The purpose of this study was to examine Japanese parents of children with disabilities’ perceptions towards special education in the United States. This study included 40 participants who were born and raised in Japan and they are now living in the United States. The results revealed that most Japanese parents still maintained some negative perceptions towards special education from its history of labeling individuals with disabilities as “abnormal” in Japanese culture. Moreover, a majority of participants agreed that America’s special education was more focused on each individual’s needs and promoted independence whereas Japanese ideas of special education was mainly focused on how to segregate individuals with disabilities from other people or society. Regardless of the language and cultural differences, most participants preferred American service providers who were familiar with special education systems in the U.S. Nevertheless, a significant number of participants claimed that the language barrier and difference in cultures and customs were one of the major disadvantages of receiving services from American professionals.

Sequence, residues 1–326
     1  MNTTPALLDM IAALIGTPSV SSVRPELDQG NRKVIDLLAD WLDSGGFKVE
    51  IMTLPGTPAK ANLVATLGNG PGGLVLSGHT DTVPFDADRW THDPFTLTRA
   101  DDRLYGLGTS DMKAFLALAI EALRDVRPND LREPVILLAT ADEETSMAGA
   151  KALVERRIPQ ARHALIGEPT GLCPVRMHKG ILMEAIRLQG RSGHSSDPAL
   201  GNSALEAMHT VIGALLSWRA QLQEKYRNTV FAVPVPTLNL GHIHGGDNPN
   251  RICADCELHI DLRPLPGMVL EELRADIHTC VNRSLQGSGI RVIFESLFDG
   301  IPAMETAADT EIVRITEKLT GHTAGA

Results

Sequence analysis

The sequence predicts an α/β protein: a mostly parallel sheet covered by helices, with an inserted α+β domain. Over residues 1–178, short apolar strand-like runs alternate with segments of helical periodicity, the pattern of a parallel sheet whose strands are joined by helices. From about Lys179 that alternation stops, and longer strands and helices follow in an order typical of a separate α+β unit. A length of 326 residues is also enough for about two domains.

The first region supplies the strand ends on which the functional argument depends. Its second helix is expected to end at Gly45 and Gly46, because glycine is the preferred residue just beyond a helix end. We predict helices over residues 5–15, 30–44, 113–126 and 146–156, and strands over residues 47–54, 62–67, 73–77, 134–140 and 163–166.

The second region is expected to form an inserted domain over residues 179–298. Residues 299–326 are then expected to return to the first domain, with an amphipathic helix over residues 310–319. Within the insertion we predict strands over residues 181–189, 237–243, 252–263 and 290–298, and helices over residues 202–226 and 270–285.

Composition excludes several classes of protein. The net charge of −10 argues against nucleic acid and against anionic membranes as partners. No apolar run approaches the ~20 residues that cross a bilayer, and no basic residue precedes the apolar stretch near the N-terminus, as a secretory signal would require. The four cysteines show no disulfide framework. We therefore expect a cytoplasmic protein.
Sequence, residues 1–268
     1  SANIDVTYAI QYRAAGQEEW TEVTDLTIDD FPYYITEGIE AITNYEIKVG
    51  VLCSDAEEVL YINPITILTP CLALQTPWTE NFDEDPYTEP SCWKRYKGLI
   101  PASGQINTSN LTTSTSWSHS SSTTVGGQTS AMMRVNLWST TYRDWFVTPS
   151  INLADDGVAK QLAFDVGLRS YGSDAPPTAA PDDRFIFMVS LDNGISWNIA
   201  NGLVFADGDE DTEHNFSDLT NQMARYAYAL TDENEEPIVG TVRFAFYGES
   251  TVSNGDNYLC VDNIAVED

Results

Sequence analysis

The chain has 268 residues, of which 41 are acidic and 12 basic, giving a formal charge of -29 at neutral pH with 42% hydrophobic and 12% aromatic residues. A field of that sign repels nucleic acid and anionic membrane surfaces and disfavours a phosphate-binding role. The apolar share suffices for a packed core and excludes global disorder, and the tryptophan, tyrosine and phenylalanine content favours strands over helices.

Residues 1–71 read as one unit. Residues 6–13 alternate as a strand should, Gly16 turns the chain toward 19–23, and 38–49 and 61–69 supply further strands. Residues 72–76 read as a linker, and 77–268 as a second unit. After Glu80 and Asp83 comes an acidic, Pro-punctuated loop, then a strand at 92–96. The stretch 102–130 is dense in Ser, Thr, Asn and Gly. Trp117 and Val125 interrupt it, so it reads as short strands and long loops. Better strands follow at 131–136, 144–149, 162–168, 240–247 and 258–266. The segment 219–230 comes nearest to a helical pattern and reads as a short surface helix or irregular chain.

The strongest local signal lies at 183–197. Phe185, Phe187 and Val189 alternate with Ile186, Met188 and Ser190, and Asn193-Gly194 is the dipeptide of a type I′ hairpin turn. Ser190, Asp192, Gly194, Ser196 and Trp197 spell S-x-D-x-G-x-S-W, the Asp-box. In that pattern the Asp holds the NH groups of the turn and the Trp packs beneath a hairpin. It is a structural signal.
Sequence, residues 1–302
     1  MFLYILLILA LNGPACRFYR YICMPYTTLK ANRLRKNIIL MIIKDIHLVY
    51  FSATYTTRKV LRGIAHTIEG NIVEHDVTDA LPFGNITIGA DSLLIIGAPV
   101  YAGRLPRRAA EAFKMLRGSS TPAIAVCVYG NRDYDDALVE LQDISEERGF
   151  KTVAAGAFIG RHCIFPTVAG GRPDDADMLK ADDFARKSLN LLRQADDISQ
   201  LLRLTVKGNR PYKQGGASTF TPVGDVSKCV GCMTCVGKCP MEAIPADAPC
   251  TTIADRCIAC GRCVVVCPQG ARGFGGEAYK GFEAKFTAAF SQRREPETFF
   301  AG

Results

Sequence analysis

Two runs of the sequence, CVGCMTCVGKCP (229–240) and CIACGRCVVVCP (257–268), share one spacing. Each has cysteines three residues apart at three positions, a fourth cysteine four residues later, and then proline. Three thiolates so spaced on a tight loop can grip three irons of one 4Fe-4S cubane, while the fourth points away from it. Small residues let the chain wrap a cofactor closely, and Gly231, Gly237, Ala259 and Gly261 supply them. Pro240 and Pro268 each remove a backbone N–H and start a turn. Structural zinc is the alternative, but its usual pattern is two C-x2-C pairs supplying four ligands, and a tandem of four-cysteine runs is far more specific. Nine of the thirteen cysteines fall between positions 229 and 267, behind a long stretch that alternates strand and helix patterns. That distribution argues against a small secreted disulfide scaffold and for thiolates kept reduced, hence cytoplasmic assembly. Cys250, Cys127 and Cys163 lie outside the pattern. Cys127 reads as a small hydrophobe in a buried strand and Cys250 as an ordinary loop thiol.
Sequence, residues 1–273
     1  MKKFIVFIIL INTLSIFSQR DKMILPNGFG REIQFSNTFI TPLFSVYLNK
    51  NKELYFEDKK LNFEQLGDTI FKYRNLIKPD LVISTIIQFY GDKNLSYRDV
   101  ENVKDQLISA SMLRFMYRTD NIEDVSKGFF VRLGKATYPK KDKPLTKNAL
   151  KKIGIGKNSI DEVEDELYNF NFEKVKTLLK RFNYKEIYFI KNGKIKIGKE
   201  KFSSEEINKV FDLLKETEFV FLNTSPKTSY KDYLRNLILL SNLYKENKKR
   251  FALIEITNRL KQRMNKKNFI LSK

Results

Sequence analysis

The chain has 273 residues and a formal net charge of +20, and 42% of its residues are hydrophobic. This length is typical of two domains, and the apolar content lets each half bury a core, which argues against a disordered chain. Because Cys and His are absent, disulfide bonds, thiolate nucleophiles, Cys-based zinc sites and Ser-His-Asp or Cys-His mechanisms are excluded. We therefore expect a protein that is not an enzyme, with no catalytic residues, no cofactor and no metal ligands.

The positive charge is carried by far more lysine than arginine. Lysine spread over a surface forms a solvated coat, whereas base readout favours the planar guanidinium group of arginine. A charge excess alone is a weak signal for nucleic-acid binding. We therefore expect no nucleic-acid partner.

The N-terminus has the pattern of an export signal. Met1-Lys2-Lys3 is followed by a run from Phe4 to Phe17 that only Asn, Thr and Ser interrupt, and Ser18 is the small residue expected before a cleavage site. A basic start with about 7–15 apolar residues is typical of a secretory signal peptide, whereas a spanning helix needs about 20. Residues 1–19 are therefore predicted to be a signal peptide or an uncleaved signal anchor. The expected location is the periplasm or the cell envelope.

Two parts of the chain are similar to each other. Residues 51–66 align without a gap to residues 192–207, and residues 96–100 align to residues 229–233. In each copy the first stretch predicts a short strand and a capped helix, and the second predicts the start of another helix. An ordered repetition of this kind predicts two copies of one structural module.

Ikezaki, Yuki; Myck-Wayne, Janice; and Jung, Adrian W.
"Perceptions towards Special Education of Japanese Parents of Children with Special Needs in the United States,"
The Journal of Special Education Apprenticeship: Vol. 3
, Article 6.
Available at: http://scholarworks.lib.csusb.edu/josea/vol3/iss1/6